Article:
Our appreciation goes out to all healthcare professionals on the front line and our sincerest thoughts are with our community both locally and afar. During these unprecedented times, The Law Office of Nicole Irmer, as an essential business, remains open and available to help. If you need assistance maintaining or applying for a professional license, of if you have been contacted by a Board or DCA investigator, please do not hesitate to contact us at (619) 237-6130.

Terminating the Doctor-Patient Relationship / Patient Abandonment

Posted in Licensing Defense,News

doctor patient relationship

Over the course of your practice, there may come a time where you need to end a relationship with a patient. Perhaps the patient is non-compliant, has shown up to appointments while under the influence, or maybe they haven’t paid their bills for months. You may also be closing your practice, and need to terminate the doctor-patient relationship with everyone in your care.

Physicians are generally free to end a physician-patient relationship without the consent of the patient, as long as it is done for a non-discriminatory reason. However, once this relationship has been established, it cannot be terminated without taking specific steps. A failure to do so may lead to both a complaint of patient abandonment (unprofessional conduct) to the Medical Board of California.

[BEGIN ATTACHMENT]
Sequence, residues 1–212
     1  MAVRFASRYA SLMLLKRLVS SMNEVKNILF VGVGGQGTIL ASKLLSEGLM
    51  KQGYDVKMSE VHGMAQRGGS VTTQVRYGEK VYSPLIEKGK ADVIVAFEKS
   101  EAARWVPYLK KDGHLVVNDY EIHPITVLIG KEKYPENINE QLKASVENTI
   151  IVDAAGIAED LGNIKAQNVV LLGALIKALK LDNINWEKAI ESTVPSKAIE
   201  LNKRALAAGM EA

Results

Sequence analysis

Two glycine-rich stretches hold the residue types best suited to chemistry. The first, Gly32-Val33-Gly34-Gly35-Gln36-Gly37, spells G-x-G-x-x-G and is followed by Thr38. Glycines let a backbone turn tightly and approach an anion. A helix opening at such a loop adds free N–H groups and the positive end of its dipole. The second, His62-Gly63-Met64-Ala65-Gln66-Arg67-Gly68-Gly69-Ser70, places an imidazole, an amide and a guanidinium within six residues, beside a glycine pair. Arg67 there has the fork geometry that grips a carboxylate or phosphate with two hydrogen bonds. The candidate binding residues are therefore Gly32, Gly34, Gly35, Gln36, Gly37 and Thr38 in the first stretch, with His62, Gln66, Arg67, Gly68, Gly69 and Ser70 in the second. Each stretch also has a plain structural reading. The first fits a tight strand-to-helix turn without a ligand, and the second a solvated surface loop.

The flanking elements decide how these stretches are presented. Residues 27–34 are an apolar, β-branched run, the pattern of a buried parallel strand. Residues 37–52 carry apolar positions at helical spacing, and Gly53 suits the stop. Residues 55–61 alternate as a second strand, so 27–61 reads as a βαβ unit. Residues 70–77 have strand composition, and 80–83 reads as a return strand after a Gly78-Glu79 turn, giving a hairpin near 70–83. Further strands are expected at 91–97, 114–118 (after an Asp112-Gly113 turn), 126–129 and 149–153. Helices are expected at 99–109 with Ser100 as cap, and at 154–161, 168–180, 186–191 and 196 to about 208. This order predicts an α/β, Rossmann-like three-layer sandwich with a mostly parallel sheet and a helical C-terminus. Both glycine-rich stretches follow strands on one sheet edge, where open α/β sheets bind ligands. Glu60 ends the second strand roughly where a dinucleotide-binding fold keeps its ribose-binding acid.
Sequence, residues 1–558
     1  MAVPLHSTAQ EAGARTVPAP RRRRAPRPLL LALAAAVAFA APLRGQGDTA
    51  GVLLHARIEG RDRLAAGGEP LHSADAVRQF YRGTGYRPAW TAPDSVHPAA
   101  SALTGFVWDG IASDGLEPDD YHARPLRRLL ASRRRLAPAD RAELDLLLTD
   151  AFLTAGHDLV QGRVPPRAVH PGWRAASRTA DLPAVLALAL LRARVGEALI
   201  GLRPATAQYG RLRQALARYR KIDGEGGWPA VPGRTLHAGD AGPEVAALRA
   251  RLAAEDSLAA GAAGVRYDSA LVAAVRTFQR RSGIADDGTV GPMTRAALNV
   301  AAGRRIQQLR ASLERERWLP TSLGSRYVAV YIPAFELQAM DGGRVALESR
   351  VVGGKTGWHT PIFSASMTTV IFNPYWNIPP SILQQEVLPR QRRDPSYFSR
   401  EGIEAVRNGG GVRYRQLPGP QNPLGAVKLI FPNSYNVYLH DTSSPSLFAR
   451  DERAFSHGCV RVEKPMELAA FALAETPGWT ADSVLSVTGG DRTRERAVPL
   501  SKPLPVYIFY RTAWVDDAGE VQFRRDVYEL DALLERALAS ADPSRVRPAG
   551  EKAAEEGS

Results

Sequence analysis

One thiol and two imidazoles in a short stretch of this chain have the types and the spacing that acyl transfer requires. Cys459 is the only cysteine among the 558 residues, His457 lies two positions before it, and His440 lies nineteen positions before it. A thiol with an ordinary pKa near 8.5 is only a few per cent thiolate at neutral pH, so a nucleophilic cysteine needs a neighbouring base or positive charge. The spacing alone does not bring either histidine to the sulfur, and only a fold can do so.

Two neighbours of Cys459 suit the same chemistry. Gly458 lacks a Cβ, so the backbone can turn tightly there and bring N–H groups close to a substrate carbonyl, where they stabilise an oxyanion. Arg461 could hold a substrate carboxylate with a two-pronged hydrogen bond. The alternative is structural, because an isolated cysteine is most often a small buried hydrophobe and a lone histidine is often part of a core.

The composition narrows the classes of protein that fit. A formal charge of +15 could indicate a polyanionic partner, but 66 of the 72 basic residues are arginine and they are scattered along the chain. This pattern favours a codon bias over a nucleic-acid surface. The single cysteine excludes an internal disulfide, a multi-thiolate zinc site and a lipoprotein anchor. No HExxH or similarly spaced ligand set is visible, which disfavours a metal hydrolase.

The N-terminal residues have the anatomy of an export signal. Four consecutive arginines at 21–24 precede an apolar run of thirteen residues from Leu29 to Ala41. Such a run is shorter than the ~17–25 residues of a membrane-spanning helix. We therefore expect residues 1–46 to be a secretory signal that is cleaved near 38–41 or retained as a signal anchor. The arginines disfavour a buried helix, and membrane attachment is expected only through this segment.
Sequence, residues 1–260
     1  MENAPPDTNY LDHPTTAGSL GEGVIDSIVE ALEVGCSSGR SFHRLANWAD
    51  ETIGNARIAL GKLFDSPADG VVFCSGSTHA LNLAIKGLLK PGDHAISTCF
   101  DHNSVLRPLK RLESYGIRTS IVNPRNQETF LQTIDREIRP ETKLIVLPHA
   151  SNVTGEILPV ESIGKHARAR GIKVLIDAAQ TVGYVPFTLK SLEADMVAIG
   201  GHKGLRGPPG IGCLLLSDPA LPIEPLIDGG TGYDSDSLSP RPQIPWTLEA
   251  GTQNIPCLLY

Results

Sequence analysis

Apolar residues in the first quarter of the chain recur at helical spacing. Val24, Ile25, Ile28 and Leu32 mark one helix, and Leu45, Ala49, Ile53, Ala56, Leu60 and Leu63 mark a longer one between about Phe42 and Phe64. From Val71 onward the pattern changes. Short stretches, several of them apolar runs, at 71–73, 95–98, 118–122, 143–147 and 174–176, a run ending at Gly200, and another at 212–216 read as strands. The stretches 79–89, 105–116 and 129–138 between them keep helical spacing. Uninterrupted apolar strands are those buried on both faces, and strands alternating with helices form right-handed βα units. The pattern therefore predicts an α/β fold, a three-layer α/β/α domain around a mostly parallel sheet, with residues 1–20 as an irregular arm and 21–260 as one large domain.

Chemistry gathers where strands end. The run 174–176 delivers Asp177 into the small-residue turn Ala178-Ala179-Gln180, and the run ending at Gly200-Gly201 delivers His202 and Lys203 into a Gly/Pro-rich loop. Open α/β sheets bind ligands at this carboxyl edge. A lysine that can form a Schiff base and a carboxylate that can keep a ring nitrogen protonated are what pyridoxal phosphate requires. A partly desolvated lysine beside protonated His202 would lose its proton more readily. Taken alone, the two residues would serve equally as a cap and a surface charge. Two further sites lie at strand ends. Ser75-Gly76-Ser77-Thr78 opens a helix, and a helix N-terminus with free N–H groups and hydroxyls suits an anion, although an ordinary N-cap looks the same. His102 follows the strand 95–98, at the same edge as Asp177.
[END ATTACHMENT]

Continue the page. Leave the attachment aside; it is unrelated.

California has set forth guidelines for how to terminate the doctor-patient relationship. If a former patient alleges that you violated the law and abandoned them, a California physician license defense attorney can defend you against these charges — and protect your license.

What Is Patient Abandonment?

According to the Medical Board of California (MBC), patient abandonment is a form of unprofessional conduct. Under the California Business and Professions Code, “patient abandonment” is defined as terminating patient care (1) without written notice that treatment will be discontinued, and (2) before the patient has had a reasonable opportunity to obtain the services of another physician. 

California courts have interpreted this law to mean that a “…physician cannot just walk away from a patient after accepting the patient for treatment….In the absence of the patient’s consent, the physician must notify the patient he is withdrawing and allow ample opportunity to secure the presence of another physician.” Significantly, if a patient consents to the termination of treatment, or declines further medical care, they have not been “abandoned” under California law.